The Act includes tax-related amendments that provide relief to taxpayers adversely affected by COVID-19. Eligible employers can qualify for a refundable credit of up to $5,000 per employee against their payroll tax liability. This applies to employers that have fully or partially suspended operations due to COVID-19 or that have experienced specified decline in their gross receipts. Employers can also defer payments of the 6.2% employer payroll tax attributable to certain wages paid during 2020. Other amendments expand the availability of various deductions under the federal tax code. For more information about the CARES Act tax provisions, see Honigman’s alert Tax Provisions of the CARES Act.

Medicare Accelerated Payments

The Act authorizes advanced Medicare payments to accelerate cash flow to participating Medicare providers and suppliers. The accelerated Medicare payments can be requested by physicians and other Medicare providers and suppliers through their Medicare Administrative Contractor (“MAC”). MAC’s must review and issue Medicare payments within seven calendar days of the request. The Centers for Medicare and Medicaid Services (“CMS”) released a Fact Sheet on how to apply for accelerated Medicare payments. Instructions should also be available on providers’ MAC’s website. On April 9th, CMS issued a press release saying that it has already delivered $51 billion in expedited Medicare payments to providers.

Suspending Medicare Sequester

The Act temporarily suspends the 2% reduction in Medicare payments by suspending the Medicare sequestration. The Budget Control Act of 2011 established that Medicare spending is subject to an across the board reduction of up to 2% from 2013 to 2029. The Act suspends the Medicare sequestration from May 1, 2020 through December 31, 2020. The sequestration will now be extended, however, through 2030, instead of 2029, to make up for the temporary suspension.

Payment Rates for COVID-19 Testing

The Act requires health insurers to reimburse providers for COVID-19 diagnostic testing and related services. According to a FAQ released on April 11th, health insurers must cover items and services furnished to an individual during a health care provider office visit (which includes in-person visits and telehealth visits), urgent care center visits, and emergency room visits that result in an order for or administration of a COVID-19 test. Health insurers are only required to provide this coverage to the extent the items and services relate to furnishing the test or evaluating an individual to determine the individual’s need for a test. Health insurers are prohibited from imposing any cost-sharing requirements (including deductibles, copayments, and coinsurance), prior authorization requirements, or other medical management requirements for these items and services. Health insurers must pay for these services at the negotiated rate the insurer had with the provider before the public health emergency was declared. Alternatively, if the health insurer does not have a negotiated rate with the provider, the health insurer is required to reimburse the provider in the amount equal to the cash price for the service listed on the provider’s public facing website or the health insurer may negotiate a rate with the provider for less than the cash price. If a provider does not make its cash price public, the provider can be penalized $300 per day.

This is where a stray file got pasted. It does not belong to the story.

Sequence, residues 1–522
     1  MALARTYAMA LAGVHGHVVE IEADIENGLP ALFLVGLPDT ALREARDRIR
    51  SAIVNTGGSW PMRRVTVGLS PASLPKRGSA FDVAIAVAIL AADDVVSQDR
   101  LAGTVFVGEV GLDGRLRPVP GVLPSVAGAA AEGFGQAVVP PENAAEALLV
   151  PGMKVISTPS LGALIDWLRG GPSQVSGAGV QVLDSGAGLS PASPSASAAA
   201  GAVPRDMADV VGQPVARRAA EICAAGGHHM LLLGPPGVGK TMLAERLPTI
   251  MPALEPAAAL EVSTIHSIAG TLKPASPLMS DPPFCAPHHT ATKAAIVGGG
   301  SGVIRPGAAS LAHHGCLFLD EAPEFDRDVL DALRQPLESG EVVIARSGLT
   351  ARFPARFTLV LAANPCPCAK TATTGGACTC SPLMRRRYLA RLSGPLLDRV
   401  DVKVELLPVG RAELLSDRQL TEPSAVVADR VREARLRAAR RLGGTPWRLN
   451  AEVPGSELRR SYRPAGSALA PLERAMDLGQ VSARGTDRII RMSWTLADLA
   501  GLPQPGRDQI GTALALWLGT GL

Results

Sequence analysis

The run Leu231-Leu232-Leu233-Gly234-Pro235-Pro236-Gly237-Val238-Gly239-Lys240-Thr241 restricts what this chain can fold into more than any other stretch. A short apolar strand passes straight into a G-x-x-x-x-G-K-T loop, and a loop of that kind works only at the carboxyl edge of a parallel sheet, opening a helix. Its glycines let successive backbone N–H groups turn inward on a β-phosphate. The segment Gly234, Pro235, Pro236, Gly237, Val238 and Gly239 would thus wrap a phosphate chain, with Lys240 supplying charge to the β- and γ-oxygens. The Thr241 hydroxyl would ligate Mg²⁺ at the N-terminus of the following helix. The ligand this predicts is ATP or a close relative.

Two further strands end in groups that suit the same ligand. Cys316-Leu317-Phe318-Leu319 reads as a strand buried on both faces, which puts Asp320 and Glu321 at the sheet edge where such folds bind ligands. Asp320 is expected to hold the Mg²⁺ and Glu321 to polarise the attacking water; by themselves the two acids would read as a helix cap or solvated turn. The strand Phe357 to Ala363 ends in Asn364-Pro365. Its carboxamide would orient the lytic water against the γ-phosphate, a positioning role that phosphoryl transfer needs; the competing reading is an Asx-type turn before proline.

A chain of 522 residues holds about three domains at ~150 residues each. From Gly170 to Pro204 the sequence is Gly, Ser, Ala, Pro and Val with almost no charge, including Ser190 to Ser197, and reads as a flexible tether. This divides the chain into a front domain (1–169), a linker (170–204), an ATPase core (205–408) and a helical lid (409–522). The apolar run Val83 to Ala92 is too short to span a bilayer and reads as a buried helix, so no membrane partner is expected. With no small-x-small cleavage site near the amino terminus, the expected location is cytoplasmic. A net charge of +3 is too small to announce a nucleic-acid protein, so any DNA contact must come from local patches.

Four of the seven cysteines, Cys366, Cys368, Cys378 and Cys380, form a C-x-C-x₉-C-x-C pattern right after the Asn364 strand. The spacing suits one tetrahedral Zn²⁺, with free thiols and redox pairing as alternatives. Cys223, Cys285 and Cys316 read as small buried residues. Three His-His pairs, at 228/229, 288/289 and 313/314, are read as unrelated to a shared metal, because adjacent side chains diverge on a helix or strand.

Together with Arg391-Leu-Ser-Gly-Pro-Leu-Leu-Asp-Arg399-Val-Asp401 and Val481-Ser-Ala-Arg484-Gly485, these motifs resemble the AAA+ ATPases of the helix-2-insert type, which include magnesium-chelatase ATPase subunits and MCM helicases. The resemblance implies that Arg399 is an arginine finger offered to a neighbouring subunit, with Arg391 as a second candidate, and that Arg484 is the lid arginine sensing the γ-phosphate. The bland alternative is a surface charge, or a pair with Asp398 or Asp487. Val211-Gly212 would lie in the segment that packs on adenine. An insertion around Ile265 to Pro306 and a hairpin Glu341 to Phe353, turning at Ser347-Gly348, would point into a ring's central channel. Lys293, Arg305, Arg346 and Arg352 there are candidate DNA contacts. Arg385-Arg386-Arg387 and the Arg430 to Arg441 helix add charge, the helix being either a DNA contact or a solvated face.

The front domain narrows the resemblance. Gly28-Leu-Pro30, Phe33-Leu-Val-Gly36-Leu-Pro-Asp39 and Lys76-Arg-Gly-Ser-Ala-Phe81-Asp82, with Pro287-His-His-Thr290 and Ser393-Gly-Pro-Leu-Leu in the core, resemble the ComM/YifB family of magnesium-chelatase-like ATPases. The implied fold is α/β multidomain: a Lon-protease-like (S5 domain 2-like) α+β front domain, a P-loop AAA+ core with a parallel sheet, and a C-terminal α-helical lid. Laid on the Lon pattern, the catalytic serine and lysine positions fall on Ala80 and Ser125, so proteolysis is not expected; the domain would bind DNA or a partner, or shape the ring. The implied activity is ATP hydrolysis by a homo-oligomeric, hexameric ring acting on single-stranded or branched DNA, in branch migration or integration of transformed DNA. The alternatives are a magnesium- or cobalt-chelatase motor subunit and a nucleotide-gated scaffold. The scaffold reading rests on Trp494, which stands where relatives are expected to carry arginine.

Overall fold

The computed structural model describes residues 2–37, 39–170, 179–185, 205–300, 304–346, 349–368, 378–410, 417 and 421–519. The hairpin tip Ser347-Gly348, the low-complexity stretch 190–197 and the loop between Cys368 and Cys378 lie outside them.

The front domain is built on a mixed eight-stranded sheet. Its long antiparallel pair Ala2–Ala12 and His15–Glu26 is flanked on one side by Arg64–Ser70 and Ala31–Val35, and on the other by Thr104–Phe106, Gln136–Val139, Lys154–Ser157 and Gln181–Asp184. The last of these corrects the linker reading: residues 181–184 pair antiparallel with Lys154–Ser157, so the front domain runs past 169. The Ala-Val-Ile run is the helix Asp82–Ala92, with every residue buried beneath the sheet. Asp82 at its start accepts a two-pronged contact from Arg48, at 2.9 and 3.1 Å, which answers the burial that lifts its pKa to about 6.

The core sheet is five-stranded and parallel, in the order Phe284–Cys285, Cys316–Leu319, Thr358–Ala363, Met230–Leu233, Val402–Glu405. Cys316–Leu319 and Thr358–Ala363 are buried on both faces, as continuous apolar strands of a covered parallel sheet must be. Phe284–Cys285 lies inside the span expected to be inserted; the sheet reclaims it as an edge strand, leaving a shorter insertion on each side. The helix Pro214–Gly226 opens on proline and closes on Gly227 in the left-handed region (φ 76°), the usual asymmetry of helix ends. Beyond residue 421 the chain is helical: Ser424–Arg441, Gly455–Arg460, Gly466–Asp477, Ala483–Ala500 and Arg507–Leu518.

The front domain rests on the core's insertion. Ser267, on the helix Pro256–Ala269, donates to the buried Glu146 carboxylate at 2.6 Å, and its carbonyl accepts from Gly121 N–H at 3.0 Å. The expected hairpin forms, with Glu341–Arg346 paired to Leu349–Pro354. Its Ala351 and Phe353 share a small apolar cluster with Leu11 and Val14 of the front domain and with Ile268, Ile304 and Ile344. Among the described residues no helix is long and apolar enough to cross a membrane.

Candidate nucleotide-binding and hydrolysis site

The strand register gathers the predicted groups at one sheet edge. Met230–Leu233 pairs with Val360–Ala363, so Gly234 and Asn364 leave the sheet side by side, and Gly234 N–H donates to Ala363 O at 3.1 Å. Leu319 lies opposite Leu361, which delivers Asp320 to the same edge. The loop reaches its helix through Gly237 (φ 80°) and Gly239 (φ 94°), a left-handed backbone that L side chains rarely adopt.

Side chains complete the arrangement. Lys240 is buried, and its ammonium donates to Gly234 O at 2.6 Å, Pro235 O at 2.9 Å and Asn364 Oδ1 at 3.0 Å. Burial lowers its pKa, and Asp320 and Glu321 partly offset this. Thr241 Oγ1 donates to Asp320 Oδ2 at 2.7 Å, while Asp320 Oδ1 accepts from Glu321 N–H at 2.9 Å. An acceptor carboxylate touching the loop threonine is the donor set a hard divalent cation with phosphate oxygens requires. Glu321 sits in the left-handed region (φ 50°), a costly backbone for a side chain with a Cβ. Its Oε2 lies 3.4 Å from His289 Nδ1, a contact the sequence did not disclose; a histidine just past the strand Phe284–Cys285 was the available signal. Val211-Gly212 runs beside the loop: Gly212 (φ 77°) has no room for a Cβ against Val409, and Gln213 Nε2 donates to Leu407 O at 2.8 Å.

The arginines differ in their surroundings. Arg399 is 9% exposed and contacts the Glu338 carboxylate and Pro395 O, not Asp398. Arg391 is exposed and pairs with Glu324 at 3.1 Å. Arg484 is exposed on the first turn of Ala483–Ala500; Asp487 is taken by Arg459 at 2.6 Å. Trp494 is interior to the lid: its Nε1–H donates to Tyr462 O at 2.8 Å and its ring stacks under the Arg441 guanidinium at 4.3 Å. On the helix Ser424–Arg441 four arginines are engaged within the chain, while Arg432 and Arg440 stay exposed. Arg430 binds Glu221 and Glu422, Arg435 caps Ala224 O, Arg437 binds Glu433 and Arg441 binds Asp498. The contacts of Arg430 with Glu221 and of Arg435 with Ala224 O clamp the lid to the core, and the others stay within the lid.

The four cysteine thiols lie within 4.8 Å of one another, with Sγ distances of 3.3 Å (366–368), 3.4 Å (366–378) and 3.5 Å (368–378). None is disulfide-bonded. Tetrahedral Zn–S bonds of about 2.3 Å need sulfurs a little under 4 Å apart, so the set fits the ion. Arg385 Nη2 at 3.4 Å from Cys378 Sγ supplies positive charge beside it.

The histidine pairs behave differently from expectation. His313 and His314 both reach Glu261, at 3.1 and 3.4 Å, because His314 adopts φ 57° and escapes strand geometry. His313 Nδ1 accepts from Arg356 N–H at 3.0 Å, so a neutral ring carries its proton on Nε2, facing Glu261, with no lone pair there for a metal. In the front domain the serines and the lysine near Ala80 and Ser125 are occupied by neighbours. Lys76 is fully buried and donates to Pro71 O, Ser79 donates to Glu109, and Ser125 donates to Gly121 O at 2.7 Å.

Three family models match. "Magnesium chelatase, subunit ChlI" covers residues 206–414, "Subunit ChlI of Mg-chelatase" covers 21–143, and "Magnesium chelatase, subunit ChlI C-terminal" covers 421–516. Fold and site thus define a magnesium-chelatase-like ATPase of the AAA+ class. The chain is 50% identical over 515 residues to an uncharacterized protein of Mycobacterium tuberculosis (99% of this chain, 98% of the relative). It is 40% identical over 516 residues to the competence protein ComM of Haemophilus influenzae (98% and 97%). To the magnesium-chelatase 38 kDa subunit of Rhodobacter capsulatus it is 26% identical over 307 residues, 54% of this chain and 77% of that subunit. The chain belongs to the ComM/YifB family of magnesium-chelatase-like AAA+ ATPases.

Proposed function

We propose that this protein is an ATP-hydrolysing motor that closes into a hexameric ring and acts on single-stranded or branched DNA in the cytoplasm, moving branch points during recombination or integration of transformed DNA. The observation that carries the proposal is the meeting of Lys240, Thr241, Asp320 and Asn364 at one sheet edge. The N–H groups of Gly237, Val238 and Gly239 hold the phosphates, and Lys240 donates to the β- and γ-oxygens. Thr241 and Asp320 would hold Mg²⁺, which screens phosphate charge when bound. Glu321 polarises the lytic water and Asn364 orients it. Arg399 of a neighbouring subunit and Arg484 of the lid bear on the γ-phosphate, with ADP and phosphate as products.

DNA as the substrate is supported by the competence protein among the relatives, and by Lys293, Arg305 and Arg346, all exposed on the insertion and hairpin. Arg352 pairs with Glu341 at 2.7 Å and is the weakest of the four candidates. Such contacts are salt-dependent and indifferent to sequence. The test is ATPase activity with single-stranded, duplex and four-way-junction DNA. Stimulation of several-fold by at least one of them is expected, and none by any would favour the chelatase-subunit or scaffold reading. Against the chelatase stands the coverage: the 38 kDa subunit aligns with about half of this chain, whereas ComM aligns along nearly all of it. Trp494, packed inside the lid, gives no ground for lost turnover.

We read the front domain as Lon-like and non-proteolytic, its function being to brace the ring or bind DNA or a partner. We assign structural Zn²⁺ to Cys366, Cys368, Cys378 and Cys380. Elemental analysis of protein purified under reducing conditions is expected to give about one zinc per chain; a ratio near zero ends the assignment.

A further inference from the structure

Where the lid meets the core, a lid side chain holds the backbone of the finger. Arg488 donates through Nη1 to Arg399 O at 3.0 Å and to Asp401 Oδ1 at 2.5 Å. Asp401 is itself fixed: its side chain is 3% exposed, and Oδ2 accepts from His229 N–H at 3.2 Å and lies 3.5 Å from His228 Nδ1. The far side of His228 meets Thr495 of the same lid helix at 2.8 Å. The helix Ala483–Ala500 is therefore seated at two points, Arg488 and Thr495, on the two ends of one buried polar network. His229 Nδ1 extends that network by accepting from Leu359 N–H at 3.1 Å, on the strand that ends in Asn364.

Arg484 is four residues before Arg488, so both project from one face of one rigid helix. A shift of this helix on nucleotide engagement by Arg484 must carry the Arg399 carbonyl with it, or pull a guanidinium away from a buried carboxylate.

Grants to Eligible Health Care Providers